A native Californian, David Belasco worked before his theatrical aspirations took him to New York as stage manager at Piper’s Opera House in Virginia City, Nevada, a bustling town enriched by the high-quality silver extracted from the Comstock Lode. The experience that he gained in this bastion of the legendary Old West served him well throughout his career, which encompassed not only Broadway success and collaborations with Puccini but also nurturing the development of talented young actors, one of whom, Barbara Stanwyck, would eventually portray one of the foremost heroines of American television Westerns, Victoria Barkley on The Big Valley. In Opera Carolina’s production of Fanciulla, an ambitious joint venture with Teatro di Giglio in Lucca, Puccini’s hometown, Teatro Lirico di Cagliari, and the revitalized New York City Opera, it looked as though at any moment in the performance the Cartwrights of the Ponderosa, the Graingers of Shiloh, or any of the familiar figures of America’s fictionalized West might have strode onto the stage. Historical accuracy was not among Puccini’s foremost goals when creating a score, but his operatic excursion into the American West, guided by the first-hand knowledge that enlivened Belasco’s play, is distinguished by a magnitude of realism rare even in verismo.
Fanciulla takes place circa 1850, not long after the first large-scale discovery of gold at Sutter’s Mill in Mexican California in 1848 [the Treaty of Guadalupe Hidalgo, which formally ceded modern California to the United States of America, was not signed until nine days after the initial discovery at Sutter’s Mill], and conjuring an atmosphere reflecting the opera’s physical and temporal settings was a central focus in Opera Carolina’s production. Rather than frequently-encountered depictions as a cigar-store Indian and his daft squaw, for instance, Billy Jackrabbit and Wowkle were here credible representatives of California’s indigenous peoples; in the case of those in proximity to gold-mining country, perhaps the Modoc. Nevertheless, theatricality was not lost amidst the visual verisimilitude embodied by Atelier Nicolai’s costumes, Ivan Stefanutti’s production designs, and the sets and digital projections, supervised by Opera Carolina’s Director of Production Michael Baumgarten and built in the company’s Gastonia workshop. Granted access to the company’s San Francisco archives by the Charlotte office of Wells Fargo, the production team brought to the Belk Theater stage a California mining camp as authentic as any that has existed in the century since the cessation of mining transformed once-vibrant boom towns into dusty, deserted ghost towns. The stenches of whiskey and cigar smoke veritably wafted from the interior of Opera Carolina’s Polka Saloon, a raucous establishment tamed in an instant by its Girl and her Bible lessons—and her six shooter. Instead of the Halloween-cowboy pageants often imposed upon Puccini’s opera, this was a Fanciulla so absorbing that it was surprising not to hear the jangling of spurs and shot glasses during the interval.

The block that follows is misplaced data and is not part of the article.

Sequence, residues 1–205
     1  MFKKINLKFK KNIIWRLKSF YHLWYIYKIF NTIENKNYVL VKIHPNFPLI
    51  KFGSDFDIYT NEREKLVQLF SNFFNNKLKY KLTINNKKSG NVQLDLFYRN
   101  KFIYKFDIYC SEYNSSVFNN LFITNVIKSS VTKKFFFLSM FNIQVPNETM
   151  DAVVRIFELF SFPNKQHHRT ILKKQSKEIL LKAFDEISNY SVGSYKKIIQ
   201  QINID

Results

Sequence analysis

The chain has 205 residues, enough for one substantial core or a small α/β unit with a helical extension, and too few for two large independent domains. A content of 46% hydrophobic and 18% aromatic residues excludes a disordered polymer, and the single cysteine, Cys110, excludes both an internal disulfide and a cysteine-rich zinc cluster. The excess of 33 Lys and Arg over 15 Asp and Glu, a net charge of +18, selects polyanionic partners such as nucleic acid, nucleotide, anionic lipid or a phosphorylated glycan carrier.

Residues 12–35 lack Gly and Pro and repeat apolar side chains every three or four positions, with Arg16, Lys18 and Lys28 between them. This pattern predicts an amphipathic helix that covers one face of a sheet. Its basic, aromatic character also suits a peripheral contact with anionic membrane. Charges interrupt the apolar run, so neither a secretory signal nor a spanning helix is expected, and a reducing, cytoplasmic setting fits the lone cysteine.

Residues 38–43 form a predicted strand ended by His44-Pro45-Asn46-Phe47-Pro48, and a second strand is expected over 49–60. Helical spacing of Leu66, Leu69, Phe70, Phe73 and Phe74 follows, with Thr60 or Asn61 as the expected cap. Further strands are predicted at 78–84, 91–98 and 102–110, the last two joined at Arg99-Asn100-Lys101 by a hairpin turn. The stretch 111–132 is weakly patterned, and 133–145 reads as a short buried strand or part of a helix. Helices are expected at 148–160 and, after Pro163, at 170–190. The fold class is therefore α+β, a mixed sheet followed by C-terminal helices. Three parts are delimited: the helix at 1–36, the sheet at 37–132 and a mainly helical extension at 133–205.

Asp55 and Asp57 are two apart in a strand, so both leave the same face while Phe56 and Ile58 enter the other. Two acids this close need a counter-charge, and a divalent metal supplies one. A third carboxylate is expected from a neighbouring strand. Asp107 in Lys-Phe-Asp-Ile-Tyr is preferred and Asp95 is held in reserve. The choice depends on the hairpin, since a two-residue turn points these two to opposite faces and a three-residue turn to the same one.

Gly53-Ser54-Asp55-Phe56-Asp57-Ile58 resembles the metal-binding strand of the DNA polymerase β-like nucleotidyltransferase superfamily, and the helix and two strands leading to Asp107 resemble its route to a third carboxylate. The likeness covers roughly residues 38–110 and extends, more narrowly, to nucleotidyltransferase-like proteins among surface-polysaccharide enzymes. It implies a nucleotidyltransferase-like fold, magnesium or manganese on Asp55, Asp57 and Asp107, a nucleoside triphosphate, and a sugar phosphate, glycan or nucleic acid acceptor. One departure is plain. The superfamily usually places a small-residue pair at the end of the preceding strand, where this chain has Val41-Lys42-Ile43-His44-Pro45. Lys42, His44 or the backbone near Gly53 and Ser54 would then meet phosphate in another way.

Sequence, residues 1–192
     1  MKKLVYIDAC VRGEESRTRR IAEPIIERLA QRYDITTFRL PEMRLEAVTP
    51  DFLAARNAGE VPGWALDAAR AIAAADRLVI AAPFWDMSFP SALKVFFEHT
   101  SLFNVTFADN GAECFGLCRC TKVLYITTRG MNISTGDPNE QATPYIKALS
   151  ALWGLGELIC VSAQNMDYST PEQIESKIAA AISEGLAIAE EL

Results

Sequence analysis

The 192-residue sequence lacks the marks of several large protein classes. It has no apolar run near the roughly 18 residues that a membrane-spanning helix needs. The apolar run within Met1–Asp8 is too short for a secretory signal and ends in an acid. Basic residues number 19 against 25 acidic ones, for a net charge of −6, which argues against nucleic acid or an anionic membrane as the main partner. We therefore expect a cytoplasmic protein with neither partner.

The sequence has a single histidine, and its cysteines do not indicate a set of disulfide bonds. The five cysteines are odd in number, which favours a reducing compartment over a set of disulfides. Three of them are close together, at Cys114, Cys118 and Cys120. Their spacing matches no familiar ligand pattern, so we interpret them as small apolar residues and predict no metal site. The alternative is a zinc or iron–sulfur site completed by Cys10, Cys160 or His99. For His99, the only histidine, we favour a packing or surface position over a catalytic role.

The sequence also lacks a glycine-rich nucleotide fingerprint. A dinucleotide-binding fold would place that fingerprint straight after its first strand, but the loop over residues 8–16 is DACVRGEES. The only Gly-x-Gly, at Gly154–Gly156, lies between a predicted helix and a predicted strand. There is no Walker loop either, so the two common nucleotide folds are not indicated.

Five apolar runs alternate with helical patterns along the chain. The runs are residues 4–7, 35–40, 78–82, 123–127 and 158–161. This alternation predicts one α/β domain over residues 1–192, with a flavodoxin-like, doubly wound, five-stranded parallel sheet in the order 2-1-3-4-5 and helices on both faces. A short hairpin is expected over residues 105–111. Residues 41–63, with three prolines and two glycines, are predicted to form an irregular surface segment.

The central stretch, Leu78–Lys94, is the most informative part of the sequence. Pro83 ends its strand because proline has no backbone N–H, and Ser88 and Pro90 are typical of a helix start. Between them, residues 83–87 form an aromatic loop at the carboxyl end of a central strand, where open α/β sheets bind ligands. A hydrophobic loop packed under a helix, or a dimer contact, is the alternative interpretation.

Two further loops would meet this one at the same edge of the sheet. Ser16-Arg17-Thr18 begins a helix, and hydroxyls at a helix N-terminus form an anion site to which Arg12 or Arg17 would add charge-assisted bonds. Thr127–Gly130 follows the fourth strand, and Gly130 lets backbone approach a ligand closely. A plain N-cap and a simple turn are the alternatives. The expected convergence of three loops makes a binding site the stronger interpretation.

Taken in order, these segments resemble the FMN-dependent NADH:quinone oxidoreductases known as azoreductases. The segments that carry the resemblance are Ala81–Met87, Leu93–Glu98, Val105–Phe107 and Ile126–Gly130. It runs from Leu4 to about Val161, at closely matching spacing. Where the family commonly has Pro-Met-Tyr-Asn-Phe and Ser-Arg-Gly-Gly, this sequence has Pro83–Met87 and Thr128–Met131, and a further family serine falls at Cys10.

Ciao, ragazzi: the cast of Opera Carolina’s production of Giacomo Puccini’s La fanciulla del West, April 2017